Lake life A guide to making the move to breathtaking Geneva The musician shows us around his London studio
Meet the tailors changing perceptions and people’s lives HARBOUR LIVING Raising the bar for luxury in Sydney
CONNECTING PEOPLE & PROPERTY, PERFECTLY
“What is the future of the property sector?” – that is the question most frequently posed to me by our clients and teams alike at Knight Frank. It’s understandable; we’re currently in a time of great structural change, political uncertainty and technological disruption which is inevitably causing confusion around the outlook for the sector. Over the past two years, my Partners and I have spent a significant amount of time considering the changing landscape of real estate and plotting our future around our clients’ interests and the challenges that may arise. The growth of technology and digital platforms undoubtedly has a role to play in the real estate sector, but we passionately believe that, above all else, our clients seek trusted professional advice and a truly outstanding service. In the age of growing automation, artificial intelligence and online service provision, our research confirms that you – our
discerning client – also want the best market intelligence, an exceptional personal service, and access to teams that enhance the fulfilment of your property requirements. We are very focused on providing you with this. Over the next year, you will begin to notice a change in our approach, our skills, our tone of voice and the array of services that we offer you. Knight Frank’s offices across the UK are currently undergoing a transformation to becomemore engaging spaces in our local communities, and our ongoing investment into technology aims to support your property requirements and enhance our bespoke service to you, without impeding on the human element that we feel is so important. Put simply, we want to raise the bar of the traditional estate agency. Being an independent Partnership enables us to place you at the very centre of all that we do – we passionately believe that developing and nurturing enduring relationships with clients and their families lies at the heart of Knight Frank’s business. Our commitment to research and insight means we are working with developers and investors to investigate solutions to the big challenges facing many of our markets. Examples of these include: affordability challenges; the need to provide mobility and liquidity for a fast-evolving workforce; ensuring that property ownership is a joy as well as a sound investment; and planning the future for our ‘empty nester’ clients via the fast-growing Retirement Living sector. In all of these sectors we are expanding our services to you. In addition to showcasing the best prime property around the world – from One Barangaroo in Sydney to Francesc Macià 10 in Barcelona – Private View 2018 explores the lifestyle considerations that matter to you. This year’s edition includes an interview with bespoke men’s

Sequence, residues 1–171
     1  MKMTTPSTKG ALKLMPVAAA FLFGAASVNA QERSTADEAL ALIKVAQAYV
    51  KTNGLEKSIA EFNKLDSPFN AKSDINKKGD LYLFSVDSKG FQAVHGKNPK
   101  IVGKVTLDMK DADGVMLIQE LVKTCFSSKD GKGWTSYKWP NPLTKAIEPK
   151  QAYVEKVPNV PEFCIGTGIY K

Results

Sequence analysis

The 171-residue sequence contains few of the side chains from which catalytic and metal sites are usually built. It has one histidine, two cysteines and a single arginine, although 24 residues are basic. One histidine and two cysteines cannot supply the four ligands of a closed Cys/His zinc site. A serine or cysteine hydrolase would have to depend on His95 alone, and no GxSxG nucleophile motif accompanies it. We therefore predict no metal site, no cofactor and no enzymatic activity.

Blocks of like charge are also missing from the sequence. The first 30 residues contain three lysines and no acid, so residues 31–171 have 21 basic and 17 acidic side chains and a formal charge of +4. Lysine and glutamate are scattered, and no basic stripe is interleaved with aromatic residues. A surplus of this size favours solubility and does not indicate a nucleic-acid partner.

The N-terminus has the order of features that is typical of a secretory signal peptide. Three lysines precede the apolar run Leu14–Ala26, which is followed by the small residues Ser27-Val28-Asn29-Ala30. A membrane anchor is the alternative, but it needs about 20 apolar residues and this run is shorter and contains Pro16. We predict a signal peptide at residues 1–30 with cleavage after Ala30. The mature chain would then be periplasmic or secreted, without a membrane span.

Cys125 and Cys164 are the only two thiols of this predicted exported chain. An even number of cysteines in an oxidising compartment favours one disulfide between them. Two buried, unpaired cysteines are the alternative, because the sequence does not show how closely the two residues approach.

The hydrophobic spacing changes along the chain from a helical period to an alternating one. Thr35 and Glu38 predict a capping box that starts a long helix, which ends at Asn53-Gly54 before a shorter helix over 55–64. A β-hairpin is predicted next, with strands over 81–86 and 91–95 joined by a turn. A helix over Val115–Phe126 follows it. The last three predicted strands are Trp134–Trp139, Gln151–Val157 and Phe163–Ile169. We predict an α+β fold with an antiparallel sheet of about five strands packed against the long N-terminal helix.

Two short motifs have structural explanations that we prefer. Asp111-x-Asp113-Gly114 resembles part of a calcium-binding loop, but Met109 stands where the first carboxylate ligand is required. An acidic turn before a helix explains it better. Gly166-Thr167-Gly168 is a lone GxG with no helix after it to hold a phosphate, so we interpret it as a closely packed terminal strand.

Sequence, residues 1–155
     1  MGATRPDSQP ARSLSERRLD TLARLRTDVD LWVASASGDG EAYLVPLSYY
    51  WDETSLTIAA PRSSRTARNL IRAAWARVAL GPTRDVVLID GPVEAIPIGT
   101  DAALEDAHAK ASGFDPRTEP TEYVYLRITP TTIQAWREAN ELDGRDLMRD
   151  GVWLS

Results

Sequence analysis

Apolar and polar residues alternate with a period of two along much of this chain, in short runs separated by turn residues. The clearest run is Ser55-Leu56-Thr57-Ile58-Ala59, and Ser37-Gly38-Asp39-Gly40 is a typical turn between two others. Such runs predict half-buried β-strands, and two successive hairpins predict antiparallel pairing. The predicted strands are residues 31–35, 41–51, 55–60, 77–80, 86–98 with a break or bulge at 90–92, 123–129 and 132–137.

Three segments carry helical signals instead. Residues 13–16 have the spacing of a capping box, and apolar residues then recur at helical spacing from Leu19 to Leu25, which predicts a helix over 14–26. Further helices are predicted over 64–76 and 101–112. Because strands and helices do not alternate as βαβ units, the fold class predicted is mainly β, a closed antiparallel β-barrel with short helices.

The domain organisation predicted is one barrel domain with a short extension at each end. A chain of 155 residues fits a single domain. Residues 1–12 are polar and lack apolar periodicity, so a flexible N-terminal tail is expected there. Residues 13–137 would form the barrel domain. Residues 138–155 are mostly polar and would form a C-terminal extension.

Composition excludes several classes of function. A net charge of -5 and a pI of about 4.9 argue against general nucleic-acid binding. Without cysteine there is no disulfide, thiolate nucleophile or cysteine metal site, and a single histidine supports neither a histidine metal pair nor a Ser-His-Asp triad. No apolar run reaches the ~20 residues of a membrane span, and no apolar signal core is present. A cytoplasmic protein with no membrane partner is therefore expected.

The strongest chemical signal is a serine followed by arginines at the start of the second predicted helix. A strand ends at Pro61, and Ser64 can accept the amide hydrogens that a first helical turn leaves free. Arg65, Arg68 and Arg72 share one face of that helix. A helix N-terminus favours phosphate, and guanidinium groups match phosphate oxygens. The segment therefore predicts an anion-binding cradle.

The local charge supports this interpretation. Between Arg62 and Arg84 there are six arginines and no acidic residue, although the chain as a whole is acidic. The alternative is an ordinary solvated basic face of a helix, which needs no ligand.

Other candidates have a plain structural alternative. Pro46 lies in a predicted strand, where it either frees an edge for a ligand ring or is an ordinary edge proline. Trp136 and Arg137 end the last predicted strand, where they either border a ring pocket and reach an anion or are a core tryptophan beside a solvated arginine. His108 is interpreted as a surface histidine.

shirt designer Emma Willis; the heir to Blenheim Palace George Blandford on his forthcoming transatlantic rowing challenge; and our new and dynamic Private Office team as they discuss how they help to enhance and preserve our clients’ real estate portfolios for the future. The UK looks set to face another challenging year, but our research highlights a growing demand for prime property that will drive the residential market forward when we enter more normalised times. Our confidence in the future of real estate as a safe haven asset class remains unwavering, as does our commitment to you. I very much hope you enjoy reading this year’s Private View.
Lord Andrew Hay Global Head of Residential
George Blandford prepares for his Knight Frank-sponsored row across the Atlantic
Pioneering tailor Kathryn Sargent continues to open doors with her suit-making
The entrepreneur, artist and busy mother of three, explains why the kitchen will always be the true heart of a family home
Pierre Lagrange is one of the best-known hedge fund managers in the world. Or, at least, he used to be.
Made In England
Mayfair’s tinkerer-in-chief, watch customiser George Bamford on inspiration, Snoopy and his amazing mum
How Emma Willis’s quintessentially English shirt-making brand found its ideal home in a gorgeous Gloucester townhouse
Great British School Off Liam Bailey investigates the close relationship between education and the UK’s prime housing markets
2ooTs 0oTTInL reKITTs his first e`pos]re to music at his grandmother’s house and gives a tour of his east London studio
The World at Your Feet
Browse some of the most beautiful homes currently on the markets around the world